Dan has a particularly loud voice even when he is not shouting. Not only does he come from one of those families in which the volume of daily communication is turned up high, he is one of those hard of hearing people who hear themselves well when they speak very loudly. In addition, his tone is often very aggressive. This attitude has served him well in life and compensates a bit for his learning disability – it seems that people are willing to do a lot just to get him to quiet down. It is quite difficult to have meaningful conversations with Dan as he is always ready to go into “confrontation mode”.
I tried to tell him before he got the test back that I was really proud of him. I knew he had actually studied for the test and had done all the practice work. I was there when the class took the test and I saw that he really had made every effort.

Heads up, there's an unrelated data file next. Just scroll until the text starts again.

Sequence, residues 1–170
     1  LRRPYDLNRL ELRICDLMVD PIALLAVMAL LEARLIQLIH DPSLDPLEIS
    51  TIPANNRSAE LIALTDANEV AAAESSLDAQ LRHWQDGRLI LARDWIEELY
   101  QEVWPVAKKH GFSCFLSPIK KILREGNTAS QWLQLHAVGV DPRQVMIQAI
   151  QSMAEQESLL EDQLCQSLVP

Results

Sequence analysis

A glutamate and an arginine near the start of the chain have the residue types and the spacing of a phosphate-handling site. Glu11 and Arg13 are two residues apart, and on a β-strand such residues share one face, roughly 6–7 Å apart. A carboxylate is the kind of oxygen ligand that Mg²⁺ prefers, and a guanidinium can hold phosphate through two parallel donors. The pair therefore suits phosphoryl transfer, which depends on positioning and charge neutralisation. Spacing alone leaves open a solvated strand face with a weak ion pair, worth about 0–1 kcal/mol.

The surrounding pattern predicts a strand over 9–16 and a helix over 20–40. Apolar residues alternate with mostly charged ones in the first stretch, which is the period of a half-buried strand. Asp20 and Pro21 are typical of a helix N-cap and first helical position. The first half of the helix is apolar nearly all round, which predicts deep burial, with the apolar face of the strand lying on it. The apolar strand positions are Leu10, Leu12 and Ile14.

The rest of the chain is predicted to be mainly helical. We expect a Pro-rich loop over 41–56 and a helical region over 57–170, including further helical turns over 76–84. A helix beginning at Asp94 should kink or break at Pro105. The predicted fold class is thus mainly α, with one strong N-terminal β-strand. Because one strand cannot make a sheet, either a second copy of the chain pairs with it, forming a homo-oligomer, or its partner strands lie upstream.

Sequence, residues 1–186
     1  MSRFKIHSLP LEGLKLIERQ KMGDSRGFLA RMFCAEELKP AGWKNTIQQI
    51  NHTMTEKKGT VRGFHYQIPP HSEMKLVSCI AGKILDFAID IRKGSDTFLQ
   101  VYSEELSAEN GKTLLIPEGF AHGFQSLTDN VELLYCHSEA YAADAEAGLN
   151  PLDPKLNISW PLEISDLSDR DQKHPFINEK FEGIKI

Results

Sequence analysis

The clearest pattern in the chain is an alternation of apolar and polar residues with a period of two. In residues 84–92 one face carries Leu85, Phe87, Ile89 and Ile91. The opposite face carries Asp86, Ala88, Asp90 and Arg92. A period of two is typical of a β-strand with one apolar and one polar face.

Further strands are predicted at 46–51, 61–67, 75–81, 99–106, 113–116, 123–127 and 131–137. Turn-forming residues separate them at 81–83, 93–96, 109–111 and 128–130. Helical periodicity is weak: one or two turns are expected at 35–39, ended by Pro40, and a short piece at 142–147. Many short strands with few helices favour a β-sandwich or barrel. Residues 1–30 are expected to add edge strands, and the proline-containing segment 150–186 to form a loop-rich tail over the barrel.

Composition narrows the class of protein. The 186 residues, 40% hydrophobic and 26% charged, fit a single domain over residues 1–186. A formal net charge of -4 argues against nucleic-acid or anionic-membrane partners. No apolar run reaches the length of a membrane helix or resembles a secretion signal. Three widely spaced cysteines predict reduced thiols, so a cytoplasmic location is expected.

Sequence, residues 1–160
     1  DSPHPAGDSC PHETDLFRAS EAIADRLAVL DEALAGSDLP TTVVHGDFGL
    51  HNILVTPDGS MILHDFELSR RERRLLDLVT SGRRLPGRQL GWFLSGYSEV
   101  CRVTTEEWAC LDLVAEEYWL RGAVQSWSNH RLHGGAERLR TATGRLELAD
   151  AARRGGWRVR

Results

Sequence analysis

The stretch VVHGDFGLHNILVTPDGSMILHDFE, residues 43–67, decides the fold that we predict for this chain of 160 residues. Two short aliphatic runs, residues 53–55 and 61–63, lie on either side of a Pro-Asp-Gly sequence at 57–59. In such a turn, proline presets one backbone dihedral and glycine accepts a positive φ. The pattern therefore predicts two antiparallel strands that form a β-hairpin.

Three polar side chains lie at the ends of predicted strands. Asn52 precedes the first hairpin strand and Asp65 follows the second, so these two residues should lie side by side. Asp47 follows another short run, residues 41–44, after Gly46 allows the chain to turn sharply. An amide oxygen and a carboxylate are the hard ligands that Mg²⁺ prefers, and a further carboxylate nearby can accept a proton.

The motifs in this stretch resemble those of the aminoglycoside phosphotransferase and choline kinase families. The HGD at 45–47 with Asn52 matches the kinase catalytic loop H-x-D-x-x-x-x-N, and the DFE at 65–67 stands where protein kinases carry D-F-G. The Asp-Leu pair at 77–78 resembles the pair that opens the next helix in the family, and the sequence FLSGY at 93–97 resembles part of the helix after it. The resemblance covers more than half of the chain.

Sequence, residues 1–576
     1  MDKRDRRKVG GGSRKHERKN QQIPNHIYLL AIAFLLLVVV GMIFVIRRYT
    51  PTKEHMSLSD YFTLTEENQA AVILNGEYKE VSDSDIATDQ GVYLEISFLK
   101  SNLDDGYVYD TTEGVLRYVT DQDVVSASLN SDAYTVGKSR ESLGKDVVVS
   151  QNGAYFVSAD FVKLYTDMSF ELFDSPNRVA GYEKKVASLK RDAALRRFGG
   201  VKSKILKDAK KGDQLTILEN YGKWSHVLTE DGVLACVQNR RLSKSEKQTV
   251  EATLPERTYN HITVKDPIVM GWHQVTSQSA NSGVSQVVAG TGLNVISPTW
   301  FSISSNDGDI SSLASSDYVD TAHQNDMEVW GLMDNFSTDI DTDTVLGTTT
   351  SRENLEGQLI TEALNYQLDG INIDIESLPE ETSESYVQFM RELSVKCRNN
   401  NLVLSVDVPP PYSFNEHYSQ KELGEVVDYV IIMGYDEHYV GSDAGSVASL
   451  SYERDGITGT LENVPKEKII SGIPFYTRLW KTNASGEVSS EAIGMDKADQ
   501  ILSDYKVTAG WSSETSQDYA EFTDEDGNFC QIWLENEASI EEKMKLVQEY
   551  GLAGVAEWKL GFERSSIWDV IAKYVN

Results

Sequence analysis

I told Dan that I was proud of him and that I wanted to post about his achievement on our “I’m proud of YOU!” board.
Dan refused. He was gearing up for his tantrum. It’s purpose was to get me to add 3 points to his grade.
I didn’t. He tried to get my lovely co-teacher to do it but she wouldn’t do it either.
Two days later I had the opportunity to talk to him outside of class. I told him how disappointed I felt that he wouldn’t let me celebrate his achievement by posting on the board (I don’t post about students without their permission.). Dan replied that only when he gets a perfect grade of 100 he will grant me permission.